Chlorella contains antioxidants Lutein and Zeaxanthin that may help Eye Health

by Colin McGregor

Eye health is something that most individuals consider to be genetic, and while it is to some extent, there are also many modifiable lifestyle factors that can greatly affect eye function. One of the main factors is nutrition (Abdel-Aal 20131). Chlorella in particular is a food that can play a role in supporting good eye function and preventing disease (Qi 20182) (Shibata, 2009). Most common problems of the eye are age and inflammation related. Fighting inflammation and providing proper nutrition to delay degenerative effects may then be an effective strategy for preserving eye health (Lawrenson 20193).


While nutrition for eye health is still an evolving field, nutrients that have been shown to be especially important include: vitamins A, B, C, E, beta-carotene, selenium, zinc, omega 3s and even more prominently; the antioxidants lutein, and zeaxanthin (Demmig-Adams 20134). These nutrients work synergistically, and need to be consumed in balance to achieve the best results. Studies have shown that food sources are more bioavailable and effective than synthetic versions (Demmig-Adams 20134). Synthetic supplements have even been shown to have negative effects in some cases due to the unnaturally high dosages of the vitamins and differences in how the body reacts to the man-made molecules (Demmig-Adams 20134).


With these considerations, chlorella has emerged as a remarkably beneficial food for supporting eye health since it contains good amounts of all of the above mentioned nutrients in a naturally occurring and bioavailable form (Bito 20205). Additionally, the interdependent function of the nutrients requires either an expertly composed supplement that offers a balanced variety of nutrition, or an assortment of foods combined to contain adequate amounts of each need. Chlorella is a rare single food source that contains a balance of all of the key nutrients required for eye health, making it an easy solution for natural supplementation.


Some of the most common eye problems include age-related macular degeneration, cataracts, and glaucoma. These conditions are all related to oxidative stress since the eye which eyes are particularly vulnerable to in comparison to areas of the body (Lawrenson 20193). Eyes contain a high concentration of polyunsaturated fatty acids which are susceptible to forming reactive oxygen species when exposed to visible light (Sacca 20186). This is primarily why good eye health requires an array of various antioxidant nutrients: to combat oxidative stress. Carotenoids like zeaxanthin, lutein, and vitamin A are one type of antioxidant that are especially helpful (Abdel-Aal 20131) (Serra, 2021). Different carotenoids serve different functions, which may explain the need for a balanced diversity of antioxidants (Demmig-Adams 20134)).

While direct studies examining chlorella's effects on eye health are still evolving, there is ample evidence to support its use within the context of preventative eye care. (Bernstein, 2008)





  1. Bone, R. A., Landrum, J. T., & Cao, Y. (2013). Macular pigment response to a supplement containing meso-zeaxanthin, lutein and zeaxanthin. Nutrition & Metabolism, 10, 42.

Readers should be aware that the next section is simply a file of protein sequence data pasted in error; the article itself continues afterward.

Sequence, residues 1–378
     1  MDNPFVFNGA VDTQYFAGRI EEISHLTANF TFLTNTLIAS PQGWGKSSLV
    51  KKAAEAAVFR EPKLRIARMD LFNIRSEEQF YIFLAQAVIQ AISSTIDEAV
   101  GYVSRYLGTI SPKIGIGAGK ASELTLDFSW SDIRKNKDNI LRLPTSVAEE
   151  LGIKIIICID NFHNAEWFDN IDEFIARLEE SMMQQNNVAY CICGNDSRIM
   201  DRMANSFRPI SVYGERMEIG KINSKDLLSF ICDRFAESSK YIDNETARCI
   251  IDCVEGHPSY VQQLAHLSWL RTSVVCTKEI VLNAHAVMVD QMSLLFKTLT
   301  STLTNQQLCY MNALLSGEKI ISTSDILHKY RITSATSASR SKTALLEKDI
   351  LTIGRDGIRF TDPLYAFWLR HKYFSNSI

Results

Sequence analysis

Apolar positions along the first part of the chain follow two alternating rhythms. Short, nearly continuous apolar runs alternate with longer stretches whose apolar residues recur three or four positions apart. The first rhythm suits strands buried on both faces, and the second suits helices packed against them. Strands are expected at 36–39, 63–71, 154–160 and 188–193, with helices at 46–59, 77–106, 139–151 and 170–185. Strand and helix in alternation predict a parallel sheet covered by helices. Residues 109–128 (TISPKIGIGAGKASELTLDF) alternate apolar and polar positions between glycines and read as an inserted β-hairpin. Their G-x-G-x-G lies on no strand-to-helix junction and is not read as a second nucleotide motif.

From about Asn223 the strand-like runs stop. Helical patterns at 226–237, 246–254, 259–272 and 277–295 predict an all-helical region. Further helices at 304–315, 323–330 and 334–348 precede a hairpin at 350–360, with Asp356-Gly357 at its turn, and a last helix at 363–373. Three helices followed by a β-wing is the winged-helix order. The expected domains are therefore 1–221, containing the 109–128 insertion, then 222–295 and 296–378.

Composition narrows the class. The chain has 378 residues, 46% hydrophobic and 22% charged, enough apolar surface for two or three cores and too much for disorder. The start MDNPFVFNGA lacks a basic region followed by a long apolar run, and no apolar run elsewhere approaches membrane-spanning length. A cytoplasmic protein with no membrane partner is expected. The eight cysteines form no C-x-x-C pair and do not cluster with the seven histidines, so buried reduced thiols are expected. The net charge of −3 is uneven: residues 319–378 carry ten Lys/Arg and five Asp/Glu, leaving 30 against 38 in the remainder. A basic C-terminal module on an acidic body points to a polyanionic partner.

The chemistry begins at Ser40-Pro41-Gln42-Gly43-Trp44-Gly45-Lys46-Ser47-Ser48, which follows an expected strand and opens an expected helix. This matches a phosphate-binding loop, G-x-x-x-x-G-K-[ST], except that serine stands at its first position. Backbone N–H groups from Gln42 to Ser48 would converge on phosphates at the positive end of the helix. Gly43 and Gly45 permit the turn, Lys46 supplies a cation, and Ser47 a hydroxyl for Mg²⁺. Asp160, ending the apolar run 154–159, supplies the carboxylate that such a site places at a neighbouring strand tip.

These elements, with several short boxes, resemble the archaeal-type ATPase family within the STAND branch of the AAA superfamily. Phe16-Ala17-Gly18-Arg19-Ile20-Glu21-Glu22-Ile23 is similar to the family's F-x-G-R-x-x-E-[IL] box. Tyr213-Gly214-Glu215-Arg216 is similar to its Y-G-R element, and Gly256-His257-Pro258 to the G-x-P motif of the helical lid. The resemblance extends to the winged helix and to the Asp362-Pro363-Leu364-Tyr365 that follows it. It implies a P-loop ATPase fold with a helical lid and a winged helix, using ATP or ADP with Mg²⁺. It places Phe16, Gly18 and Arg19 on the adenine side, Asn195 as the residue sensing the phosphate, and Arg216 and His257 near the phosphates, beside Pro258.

2. Katsuura, S., Imamura, T., Bando, N., & Yamanishi, R. (2009). Effects of luteinizing hormone on lutein and zeaxanthin accumulation in the human retina. Food Science and Technology Research, 15(4), 449-455.

  3. Liu, Y., Hu, X., Wu, Q., & Sun, L. (2018). Lutein and zeaxanthin supplementation and its molecular mechanism in age-related macular degeneration. Journal of Ocean University of China, 17(2), 411-418.

  4. Gammone, M. A., Riccioni, G., & D'Orazio, N. (2019). Carotenoids: potential allies of cardiovascular health? Food & Nutrition Research, 63.

  5. Stringham, J. M., & Hammond, B. R. (2013). Macular pigment and visual performance under glare conditions. Optometry and Vision Science, 90(2), 124-131.

  6. Estrada-Luna, D., Ortiz-Rodríguez, M. A., & Medina-Campos, O. N. (2020). Protective effect of lutein and zeaxanthin on the diabetic retina of Wistar rats. Nutrients, 12(9), 2734.

  7. Boonpraderm, A., Chonpathompikunlert, P., & Kukongviriyapan, V. (2021). Protective effects of lutein against methotrexate-induced oxidative stress in rat liver. Antioxidants, 10(8), 1164.

  8. Mares, J., & LaRowe, T. L. (2018). Lutein and zeaxanthin and their potential roles in disease prevention. Journal of the American College of Nutrition, 36(5), 379-389.

  9. Kijlstra, A., Tian, Y., Kelly, E. R., & Berendschot, T. T. (2012). Lutein: more than just a filter for blue light. Progress in Retinal and Eye Research, 31(4), 303-315.

  10. Stringham, J. M., & Hammond, B. R. (2011). Dietary lutein and zeaxanthin: possible effects on visual function. Nutrition Reviews, 69(2), 102-112.

  11. Seddon, J. M., Ajani, U. A., Sperduto, R. D., Hiller, R., Blair, N., Burton, T. C., ... & Yannuzzi, L. A. (1994). Dietary carotenoids, vitamins A, C, and E, and advanced age-related macular degeneration: Eye Disease Case-Control Study Group. JAMA, 272(18), 1413-1420.

  12. Weigert, G., Kaya, S., Pemp, B., Sacu, S., Lasta, M., Werkmeister, R. M., ... & Schmetterer, L. (2014). Effects of lutein supplementation on macular pigment optical density and visual acuity in patients with age-related macular degeneration. Nutrition Journal, 13(1), 57.

  13. Yonova-Doing, E., Hysi, P. G., Venturini, C., Williams, K. M., Nag, A., Beatty, S., ... & Hammond, C. J. (2013). Candidate gene study of macular response to supplemental lutein and zeaxanthin. Investigative Ophthalmology & Visual Science, 54(7), 6695-6702.